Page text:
Good morning everyone, I hope you’re enjoying your lazy Sunday morning. In the second edition of my Weekend Weather Word, I decided I’d talk a bit about how I make my forecasts, what I base them on, what resources I use, etc.. Well, it is all rather plain, to be perfectly honest with you. There’s no secret access involved, certainly no hacking of any kind, even though that might come as a letdown to some people. All my sources are freely available on the internet.
This German website is basically the motherlode of forecasting for me. They regularly provide a wealth of forecast charts from numerous weather services from around the globe, from Germany to China. The models there have pretty much everything covered. From surface pressure, to precipitation, to high altitude winds, specifically the jetstream, to water temperatures. They also provide classic weather charts, data from radiosondes attached to weather balloons to give an indication of the structure of the atmosphere, and regular reports from weather stations all across Europe. They are pretty much a one stop shop for all things weather related.
This site might, at first glance, look like your run-of-the-mill weather site, all broken down and easily understandable, as it has to be for the Daily Mail reading UK crowd. However, once you check out the Charts & Data section, you find that there’s much more to that site. The wealth of model charts rivals that of wetterzentrale.de, and it offers some great tools on its own, a comparison view between two weather models, a lightning detector, which is great when it comes to assessing just how dangerous that bank of dark clounds actually is, and their own weather model all make this a resource that should not be overlooked.
Dundee Satellite Receiving Station
Okay, this site is a bit of a special case, as I do not use it for regular forecasts. The website is obviously aimed at the research and academic community, as well as at commercial forecasting services. It provides them with regular images from a number of weather satellites, both in geosynchronous and polar orbits. The good thing is that low-resolution versions of these images are available for free, once you’ve registered. What’s more, there’s no time delay. So, just like the paying customers, you’ll have access to the image as soon as they’ve been downloaded from the satellite. Now, not all is rosy here, and I’ve learned from experience, that the polar satellites are more often than not out of position, scanning the cloud cover over central Russia, while you need images of the North Atlantic. Still, having satellite images that are less than an hour old at your fingertips really comes in handy when you’re faced with a storm that’s moving in.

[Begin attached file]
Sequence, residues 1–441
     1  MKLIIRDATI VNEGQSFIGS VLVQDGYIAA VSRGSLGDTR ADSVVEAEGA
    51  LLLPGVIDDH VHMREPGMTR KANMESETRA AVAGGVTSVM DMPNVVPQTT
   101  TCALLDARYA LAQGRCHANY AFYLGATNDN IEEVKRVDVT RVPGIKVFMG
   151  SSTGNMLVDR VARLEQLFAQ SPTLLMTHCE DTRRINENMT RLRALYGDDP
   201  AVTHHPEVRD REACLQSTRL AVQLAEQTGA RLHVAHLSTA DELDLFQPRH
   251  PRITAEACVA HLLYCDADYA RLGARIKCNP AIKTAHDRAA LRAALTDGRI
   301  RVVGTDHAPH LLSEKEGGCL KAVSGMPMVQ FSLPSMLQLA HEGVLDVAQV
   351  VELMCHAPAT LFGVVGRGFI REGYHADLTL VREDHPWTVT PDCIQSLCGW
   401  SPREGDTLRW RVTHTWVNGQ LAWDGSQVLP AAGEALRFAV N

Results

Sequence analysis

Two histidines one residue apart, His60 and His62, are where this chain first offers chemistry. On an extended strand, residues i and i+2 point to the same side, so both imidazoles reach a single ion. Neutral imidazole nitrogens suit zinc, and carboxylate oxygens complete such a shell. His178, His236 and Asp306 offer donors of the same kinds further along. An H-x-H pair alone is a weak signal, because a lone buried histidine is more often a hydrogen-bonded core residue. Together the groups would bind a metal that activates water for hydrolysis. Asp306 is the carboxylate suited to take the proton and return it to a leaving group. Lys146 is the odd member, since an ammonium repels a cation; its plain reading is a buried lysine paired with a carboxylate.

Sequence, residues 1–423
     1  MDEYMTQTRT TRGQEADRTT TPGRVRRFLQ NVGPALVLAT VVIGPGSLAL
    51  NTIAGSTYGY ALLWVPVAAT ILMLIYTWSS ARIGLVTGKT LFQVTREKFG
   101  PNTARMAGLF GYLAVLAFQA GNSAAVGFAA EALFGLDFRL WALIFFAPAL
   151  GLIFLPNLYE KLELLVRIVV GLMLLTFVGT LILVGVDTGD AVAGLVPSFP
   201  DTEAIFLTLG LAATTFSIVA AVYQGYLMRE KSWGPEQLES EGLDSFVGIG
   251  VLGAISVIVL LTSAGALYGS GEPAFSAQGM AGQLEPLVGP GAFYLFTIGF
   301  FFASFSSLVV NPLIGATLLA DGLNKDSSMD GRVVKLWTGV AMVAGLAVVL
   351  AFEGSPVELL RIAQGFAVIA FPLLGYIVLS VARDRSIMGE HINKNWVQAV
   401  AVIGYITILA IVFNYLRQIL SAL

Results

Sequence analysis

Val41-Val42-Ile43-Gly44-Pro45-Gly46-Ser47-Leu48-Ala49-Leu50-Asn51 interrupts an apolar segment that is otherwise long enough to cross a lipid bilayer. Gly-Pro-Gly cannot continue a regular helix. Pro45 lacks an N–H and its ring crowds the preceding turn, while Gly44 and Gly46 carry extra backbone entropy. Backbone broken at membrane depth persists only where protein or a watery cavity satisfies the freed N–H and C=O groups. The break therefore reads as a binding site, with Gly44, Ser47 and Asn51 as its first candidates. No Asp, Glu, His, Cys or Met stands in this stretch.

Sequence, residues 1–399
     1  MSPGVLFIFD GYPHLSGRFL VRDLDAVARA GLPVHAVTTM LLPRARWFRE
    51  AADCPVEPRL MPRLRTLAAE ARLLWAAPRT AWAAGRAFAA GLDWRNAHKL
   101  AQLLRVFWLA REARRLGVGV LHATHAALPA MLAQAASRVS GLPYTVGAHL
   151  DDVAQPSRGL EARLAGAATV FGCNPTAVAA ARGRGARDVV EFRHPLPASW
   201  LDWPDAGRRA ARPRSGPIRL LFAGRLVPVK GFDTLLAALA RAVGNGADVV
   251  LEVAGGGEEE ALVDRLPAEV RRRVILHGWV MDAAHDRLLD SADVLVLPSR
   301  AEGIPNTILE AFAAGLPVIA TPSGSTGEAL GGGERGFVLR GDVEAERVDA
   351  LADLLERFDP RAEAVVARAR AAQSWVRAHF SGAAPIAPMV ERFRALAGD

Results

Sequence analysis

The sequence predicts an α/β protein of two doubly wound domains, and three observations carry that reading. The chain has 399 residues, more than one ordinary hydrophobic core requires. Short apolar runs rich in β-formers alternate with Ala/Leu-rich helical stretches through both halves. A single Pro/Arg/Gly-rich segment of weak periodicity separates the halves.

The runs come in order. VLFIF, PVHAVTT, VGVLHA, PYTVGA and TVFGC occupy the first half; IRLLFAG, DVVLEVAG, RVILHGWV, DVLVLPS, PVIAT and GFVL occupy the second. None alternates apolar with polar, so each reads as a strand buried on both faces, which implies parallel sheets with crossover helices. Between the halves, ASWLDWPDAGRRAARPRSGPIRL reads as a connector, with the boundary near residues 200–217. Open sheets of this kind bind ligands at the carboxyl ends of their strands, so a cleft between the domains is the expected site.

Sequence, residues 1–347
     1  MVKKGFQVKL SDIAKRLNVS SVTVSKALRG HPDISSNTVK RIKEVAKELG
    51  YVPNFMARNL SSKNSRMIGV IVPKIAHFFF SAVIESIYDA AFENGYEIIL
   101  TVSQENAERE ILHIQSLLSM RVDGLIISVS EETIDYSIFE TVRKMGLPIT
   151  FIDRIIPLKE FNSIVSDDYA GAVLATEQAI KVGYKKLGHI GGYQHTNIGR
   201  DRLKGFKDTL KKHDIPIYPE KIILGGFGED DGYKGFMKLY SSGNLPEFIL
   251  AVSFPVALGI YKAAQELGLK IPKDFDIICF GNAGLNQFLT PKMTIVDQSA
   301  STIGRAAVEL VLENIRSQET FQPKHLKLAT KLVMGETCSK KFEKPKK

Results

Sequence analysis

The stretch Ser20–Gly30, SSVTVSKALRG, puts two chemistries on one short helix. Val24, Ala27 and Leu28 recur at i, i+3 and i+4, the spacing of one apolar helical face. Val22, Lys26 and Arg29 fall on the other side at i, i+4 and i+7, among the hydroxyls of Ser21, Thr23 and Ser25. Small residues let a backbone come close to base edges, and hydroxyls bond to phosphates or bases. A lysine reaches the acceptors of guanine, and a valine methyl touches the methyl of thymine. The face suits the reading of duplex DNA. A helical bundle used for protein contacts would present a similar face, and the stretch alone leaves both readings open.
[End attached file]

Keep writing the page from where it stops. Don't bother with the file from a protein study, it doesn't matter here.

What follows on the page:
Yep, there they are again. Met Éireann have a bit of a bad reputation when it comes to the accuracy of their forecasts, but I myself find it hard to blame them. The atmosphere is a vast, chaotic system, and more often than not, small things that may have seemed insignificant turn out to be deciding factors in weather development. What’s more, they do offer quite a useful set of resources, less when it comes to forecasting, and more when it’s about tracking the progress of a storm system. Apart from the rainfall radar I mentioned in last week’s Weather Word, I’m talking about hourly reports from Irish airports, as well as from a series of weather buoys anchored off the west coast and the Irish Sea, as well as from weather stations mounted on the Kinsale Energy gas rigs.
To be perfectly honest with you, the process is pretty simple. I always start out by checking the latest runs of the GFS forecast model (A weather model run by NOAA in the US) over on wetterzentrale.de. To be precise I look at their “standard” chart, which shows sea level pressure, geopotential altitude along the 500 hpa line, and the temperatures on that line. Don’t worry if you didn’t understand what the hell I just wrote. That will come in a later edition. What this gives me is a general overview of the position of major weather systems in the atmosphere, and how pronounced they are, i.e. whether something is limited to lower altitudes, or whether we’re talking about a major system that affects the entire troposphere.